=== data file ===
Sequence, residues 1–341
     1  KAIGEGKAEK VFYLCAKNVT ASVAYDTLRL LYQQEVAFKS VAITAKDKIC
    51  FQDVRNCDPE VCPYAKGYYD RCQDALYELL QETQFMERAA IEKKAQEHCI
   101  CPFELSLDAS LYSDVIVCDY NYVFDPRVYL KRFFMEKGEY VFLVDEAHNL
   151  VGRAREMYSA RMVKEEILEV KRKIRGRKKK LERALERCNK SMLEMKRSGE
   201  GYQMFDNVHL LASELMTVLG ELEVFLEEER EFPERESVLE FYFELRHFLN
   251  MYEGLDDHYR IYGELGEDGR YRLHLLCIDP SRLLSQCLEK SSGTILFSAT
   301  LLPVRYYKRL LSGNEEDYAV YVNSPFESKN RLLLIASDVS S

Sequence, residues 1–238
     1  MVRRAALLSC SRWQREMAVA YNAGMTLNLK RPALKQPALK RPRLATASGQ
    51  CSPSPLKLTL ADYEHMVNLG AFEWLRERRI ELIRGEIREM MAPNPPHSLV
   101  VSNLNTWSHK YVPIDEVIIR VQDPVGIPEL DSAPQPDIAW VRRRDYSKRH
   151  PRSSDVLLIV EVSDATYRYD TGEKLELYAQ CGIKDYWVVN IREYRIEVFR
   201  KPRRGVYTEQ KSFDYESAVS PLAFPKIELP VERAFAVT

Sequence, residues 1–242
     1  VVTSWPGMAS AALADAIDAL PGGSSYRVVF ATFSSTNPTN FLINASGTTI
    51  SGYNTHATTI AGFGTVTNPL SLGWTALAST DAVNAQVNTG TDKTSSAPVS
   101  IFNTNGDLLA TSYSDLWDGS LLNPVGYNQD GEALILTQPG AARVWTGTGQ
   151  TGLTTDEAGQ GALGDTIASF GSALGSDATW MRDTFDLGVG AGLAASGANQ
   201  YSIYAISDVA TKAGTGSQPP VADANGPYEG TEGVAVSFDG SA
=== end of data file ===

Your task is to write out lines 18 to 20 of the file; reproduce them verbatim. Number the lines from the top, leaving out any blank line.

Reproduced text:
   101  IFNTNGDLLA TSYSDLWDGS LLNPVGYNQD GEALILTQPG AARVWTGTGQ
   151  TGLTTDEAGQ GALGDTIASF GSALGSDATW MRDTFDLGVG AGLAASGANQ
   201  YSIYAISDVA TKAGTGSQPP VADANGPYEG TEGVAVSFDG SA